Wednesday, July 18, 2007

Envirocare and Energy Solutions

Nuclear power can be one of the cleanest sources of energy. It's the making of nuclear weapons that is dirty. Uranium is a naturaly occuring element in the Earth's crust. Uranium ore is comprised of two major isotopes; U238 and U235. What is an isotope? The smallest unit of an element that still retains the physical properties of that element is the Atom. Atoms are made up of electrons, protons, and neutrons. Protons and neutons comprise the nucleus of the atom, while electons form energy shells surrounding the nucleus. While the electons and protons do not vary for a given element, the neutrons can vary without changing the element. An example of this is carbon-14. Most carbon on Earth is carbon-12 with 12 electrons, protons, and neutrons. But a small amount has 14 neutrons instead of the usual 12. The ratio of C12/C14 is used by scientists to date ancient carbon-containing samples like fossils.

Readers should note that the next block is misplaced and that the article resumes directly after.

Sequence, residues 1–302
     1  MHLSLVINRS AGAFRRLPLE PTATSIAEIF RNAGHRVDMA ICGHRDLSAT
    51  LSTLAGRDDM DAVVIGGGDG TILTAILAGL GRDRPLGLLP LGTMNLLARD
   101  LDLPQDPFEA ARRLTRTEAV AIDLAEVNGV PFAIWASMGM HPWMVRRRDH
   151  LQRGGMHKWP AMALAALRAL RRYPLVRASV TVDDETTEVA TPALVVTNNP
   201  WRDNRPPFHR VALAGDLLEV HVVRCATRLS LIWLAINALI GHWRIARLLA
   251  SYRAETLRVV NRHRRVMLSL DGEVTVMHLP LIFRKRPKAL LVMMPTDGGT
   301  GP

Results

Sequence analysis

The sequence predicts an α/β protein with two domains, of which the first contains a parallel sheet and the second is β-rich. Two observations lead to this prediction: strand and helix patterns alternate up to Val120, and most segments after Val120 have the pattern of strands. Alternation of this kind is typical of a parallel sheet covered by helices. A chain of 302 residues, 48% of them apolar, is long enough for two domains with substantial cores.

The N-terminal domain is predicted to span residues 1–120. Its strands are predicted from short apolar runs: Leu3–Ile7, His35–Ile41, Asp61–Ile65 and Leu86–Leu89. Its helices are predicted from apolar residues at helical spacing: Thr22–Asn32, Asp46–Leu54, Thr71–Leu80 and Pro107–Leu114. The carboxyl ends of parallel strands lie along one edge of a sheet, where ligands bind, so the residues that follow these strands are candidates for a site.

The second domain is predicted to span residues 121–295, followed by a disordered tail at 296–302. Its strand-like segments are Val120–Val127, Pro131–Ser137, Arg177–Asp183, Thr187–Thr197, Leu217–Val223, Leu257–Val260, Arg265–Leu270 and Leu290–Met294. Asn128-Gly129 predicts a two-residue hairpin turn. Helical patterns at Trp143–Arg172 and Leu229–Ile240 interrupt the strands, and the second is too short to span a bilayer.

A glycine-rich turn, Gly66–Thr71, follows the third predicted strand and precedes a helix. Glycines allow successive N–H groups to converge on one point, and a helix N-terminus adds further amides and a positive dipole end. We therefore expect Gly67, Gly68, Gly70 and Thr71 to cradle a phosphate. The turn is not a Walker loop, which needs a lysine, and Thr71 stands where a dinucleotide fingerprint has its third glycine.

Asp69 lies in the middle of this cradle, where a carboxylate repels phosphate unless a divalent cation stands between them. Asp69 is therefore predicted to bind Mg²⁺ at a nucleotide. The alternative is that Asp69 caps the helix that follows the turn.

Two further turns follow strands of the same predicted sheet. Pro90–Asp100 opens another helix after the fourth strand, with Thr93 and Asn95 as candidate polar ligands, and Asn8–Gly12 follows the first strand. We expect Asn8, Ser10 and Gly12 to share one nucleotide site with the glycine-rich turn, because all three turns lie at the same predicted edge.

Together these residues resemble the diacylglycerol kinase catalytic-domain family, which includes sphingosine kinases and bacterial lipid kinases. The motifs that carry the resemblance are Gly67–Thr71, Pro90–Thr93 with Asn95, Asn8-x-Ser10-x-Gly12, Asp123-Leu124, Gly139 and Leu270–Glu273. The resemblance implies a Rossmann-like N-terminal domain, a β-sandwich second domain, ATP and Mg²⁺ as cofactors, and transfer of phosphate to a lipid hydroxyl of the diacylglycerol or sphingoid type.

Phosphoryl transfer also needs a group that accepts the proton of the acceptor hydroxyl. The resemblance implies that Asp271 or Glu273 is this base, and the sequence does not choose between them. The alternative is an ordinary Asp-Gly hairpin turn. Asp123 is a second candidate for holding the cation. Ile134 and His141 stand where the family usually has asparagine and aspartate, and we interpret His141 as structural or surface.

Like carbon, Uranium exist as multiple isotopes. 99% exists as U238, while less than 1% exists as the radioactive/fissionable U235 isotope. Neutrons stabilize the nucleus of an atom. U235 with 3 fewer neutrons, does not contain enough neutrons to stabilize such an enormous nucleus. Consequently, U235 atoms will spontaneously split, releasing additional neutrons and enormous amounts of energy. The brake-down products of this natural radioactive decay includes smaller atoms such as lead, and radon gas. Radon that many people worry about in the basements of their homes is the by-product of the radioactive decay of naturally occuring U235 found in the Earth's crust.